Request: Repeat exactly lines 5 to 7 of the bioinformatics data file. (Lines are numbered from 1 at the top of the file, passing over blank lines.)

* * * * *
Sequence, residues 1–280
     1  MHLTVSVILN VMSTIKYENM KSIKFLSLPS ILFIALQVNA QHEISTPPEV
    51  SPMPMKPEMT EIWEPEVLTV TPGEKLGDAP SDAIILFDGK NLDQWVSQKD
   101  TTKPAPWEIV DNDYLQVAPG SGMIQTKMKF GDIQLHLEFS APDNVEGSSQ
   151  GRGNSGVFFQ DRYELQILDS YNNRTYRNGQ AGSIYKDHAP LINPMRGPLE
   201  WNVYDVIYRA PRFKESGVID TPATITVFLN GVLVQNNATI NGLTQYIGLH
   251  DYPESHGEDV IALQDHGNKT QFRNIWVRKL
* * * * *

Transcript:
   151  GRGNSGVFFQ DRYELQILDS YNNRTYRNGQ AGSIYKDHAP LINPMRGPLE
   201  WNVYDVIYRA PRFKESGVID TPATITVFLN GVLVQNNATI NGLTQYIGLH
   251  DYPESHGEDV IALQDHGNKT QFRNIWVRKL